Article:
There is no doubt that a Spend safe debit or credit card can help your children form great money handling habits. In the last few years, financial experts have seen more and more parents come up and get their children debit or credit cards.
A 2019 survey on Parents, Kids, and Money showed that about 17% of kids aged 8 to 14 years have their own credit cards. The number was about 4% in 2012.
There is no denying that both the debit as well as the credit cards can teach children about finances. However, each of these two cards comes with different rules and clauses that the parents should make the children understand.
With a debit card by their side, it would be impossible for the children to pile up debt. However, a credit card will help them to build a credit score that can help them in their future transactions.
So, before going and giving any one of these two cards to your children, you should consider the pros and cons to make sure you are making the best choice for them. Check the following section of this article to find out some interesting facts about the cards.
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How Old Should You Get a Credit Card?
You should be at least 18 years old to get a credit card in your name. However, you should not expect that your request for getting a credit card will be accepted by the financial institutions as soon as you applied for one. To get a credit card, you have to provide proof of income to show that your teenage child can repay the charges. You cannot show the monthly allowance as a form of income.
If your child is below 18 years of age, then you have certain other options. You can simply add the name of your son or daughter as an authorized user of one of your accounts. That will permit your teenager to purchase with the credit card and the activity of the account will reflect on his or her credit score. However, being the primary cardholder, you will be responsible legally and financially to repay the debts if your teenage child fails to do so.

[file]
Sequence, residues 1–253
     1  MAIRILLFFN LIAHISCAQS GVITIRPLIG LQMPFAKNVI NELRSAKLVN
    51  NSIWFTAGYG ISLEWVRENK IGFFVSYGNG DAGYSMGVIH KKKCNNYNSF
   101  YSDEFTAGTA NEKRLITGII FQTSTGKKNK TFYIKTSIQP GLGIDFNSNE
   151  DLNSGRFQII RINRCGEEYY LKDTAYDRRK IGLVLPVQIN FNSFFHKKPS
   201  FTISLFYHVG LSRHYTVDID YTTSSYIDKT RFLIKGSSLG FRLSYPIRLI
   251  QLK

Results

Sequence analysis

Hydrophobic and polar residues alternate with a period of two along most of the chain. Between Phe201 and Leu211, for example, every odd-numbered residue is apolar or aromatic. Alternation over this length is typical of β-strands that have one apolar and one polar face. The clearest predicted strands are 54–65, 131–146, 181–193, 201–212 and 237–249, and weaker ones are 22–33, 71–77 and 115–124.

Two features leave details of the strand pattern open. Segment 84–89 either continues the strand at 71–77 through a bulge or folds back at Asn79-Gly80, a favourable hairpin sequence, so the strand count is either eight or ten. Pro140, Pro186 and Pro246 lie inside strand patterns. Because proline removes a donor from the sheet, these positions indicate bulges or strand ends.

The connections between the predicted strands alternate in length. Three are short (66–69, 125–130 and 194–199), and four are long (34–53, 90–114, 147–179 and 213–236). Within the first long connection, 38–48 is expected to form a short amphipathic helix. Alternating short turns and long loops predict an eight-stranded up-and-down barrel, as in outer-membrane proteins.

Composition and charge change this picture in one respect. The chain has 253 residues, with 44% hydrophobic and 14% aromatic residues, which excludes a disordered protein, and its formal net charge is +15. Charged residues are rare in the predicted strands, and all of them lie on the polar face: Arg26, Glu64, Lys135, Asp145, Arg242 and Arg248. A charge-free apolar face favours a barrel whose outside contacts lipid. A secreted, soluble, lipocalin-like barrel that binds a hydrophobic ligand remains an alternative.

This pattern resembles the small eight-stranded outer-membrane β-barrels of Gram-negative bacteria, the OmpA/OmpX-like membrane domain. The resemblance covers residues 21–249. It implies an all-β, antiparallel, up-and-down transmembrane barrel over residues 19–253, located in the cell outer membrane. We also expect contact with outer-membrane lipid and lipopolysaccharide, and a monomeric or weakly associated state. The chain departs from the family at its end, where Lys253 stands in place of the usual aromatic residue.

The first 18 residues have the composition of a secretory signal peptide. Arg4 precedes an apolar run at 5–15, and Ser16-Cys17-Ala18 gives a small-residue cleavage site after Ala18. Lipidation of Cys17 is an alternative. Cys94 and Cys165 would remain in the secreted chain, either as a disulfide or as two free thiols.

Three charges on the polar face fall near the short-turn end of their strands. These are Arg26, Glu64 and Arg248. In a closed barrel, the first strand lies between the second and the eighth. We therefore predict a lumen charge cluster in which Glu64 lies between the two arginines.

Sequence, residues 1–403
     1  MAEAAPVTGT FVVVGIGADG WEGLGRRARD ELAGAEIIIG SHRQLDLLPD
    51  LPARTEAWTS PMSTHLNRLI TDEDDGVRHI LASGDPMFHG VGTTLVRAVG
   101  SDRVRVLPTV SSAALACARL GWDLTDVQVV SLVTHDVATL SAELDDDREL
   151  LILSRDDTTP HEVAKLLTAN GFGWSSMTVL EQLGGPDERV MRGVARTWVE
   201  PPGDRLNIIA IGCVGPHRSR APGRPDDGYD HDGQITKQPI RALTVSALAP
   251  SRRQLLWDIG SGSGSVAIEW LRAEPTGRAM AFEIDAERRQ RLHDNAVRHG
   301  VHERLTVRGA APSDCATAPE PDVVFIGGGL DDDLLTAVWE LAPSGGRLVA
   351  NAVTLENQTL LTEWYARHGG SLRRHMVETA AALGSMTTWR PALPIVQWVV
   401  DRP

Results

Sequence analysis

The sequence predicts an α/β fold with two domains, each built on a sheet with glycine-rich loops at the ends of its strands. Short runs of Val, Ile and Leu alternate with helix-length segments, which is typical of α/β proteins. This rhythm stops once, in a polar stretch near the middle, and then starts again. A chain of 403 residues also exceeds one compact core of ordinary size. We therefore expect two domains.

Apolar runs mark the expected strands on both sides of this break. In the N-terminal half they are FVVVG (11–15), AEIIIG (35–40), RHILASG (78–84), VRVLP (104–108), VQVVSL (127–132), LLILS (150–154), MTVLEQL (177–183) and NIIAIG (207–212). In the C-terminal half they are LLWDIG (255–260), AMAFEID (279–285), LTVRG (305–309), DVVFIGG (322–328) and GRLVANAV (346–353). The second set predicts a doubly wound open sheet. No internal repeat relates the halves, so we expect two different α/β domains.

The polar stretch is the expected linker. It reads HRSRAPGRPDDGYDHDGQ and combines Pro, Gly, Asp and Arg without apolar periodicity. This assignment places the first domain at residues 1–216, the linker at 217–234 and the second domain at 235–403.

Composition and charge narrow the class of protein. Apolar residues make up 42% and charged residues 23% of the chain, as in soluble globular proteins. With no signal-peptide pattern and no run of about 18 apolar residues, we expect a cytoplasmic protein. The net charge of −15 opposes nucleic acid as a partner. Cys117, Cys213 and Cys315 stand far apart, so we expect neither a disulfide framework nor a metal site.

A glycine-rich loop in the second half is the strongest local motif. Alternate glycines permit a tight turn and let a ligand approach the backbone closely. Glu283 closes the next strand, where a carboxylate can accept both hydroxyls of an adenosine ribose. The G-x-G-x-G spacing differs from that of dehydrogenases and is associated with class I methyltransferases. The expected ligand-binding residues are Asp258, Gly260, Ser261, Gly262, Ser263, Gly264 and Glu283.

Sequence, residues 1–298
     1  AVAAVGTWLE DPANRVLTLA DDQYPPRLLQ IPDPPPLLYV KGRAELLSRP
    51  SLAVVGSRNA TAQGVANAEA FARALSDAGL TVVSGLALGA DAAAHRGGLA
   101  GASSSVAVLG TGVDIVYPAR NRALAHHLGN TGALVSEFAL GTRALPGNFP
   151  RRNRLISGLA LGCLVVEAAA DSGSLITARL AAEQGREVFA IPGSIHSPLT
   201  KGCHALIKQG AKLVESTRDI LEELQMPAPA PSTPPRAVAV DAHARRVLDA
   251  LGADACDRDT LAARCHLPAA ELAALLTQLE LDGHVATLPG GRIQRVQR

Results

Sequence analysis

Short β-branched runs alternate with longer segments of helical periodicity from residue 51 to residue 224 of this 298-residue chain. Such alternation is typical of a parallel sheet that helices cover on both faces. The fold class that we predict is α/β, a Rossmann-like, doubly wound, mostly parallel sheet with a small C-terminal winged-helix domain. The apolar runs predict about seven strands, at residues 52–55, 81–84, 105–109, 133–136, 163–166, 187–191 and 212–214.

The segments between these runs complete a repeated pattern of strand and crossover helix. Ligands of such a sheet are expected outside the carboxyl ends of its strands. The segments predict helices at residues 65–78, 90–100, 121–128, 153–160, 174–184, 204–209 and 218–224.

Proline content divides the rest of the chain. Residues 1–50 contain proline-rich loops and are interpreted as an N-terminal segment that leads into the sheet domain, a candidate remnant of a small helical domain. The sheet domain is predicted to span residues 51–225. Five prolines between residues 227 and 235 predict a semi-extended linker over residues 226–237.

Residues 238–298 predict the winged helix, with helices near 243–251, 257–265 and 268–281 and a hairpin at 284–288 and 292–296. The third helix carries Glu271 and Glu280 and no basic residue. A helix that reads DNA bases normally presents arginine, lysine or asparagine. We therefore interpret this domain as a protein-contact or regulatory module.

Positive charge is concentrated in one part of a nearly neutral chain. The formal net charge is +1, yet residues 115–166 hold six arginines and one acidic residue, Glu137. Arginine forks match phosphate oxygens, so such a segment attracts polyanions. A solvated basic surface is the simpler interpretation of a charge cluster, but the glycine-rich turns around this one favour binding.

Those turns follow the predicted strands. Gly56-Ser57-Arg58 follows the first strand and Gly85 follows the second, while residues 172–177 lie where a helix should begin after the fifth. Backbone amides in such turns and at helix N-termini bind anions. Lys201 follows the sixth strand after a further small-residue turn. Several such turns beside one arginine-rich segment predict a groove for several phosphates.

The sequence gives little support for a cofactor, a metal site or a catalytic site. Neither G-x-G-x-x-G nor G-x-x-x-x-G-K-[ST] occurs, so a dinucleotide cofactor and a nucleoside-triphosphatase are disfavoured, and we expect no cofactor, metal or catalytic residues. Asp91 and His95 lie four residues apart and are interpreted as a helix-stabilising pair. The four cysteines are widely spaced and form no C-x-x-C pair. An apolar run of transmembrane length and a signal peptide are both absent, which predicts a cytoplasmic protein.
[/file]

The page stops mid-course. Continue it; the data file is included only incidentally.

The rules about getting a debit card are much simpler. To get a debit card for your children, you just have to open an account in their name and put some cash in it to get them started. Some financial institutions offer cards to children as young as 8 years if their parents become co-owner of their accounts. The common age for opening a checking account for the minor is 13-17 years.
Should I Get a Credit Card for My Teen?
One of the primary reasons for getting a credit card is, it will help them create a credit history. The credit card activity and payment history will establish the credit score which can help your children at the time when they want to get an education loan or buy a card on their own.
As debit cards do not help to create the credit score of a person, after turning adults, most children face difficulties in getting loans. Having a good credit score will help them to borrow money at a better rate of interest and also save you from the trouble of co-signing the loan documents of your children.
It also makes your children aware of fraud protection. They will be more conscious about the protection of their cards and make sure that they do not get it out of their hands.
Saving money is yet another factor that your children will enjoy if he or she gets a credit card. The cash backs they will get could help them to save money or to start a savings account. Other factors, like roadside assistance, can come in handy as well.
What are the DownSides
Overspending is the most blatant drawback of handing your children with credit cards. So, before giving them one, you should make sure that they understand the credit money offered by the card is a convenience and not a way to live outside of their earning capacities.
In most cases, the risk turns into a problem where there is a lack of financial education. As a parent, you have to make your teenager understand how they can keep their credit card spending in check. This is the simplest way to make sure that the debt does not pile up fast and becomes an issue.
Should I Say No to Debit Cards for My Teen?
There are some drawbacks to debit cards as well. The first one is that the fraud protection of debit cards is not as strong as credit cards. Another factor is that the debit card does not help your children to build a credit score on their own.
So, before choosing a debit or credit card for your children, you should consider the pros and cons of each carefully. Talk to your children to see which of these two they are comfortable handling. Only offer your child a credit card if he or she is responsible enough to handle the debt and finances.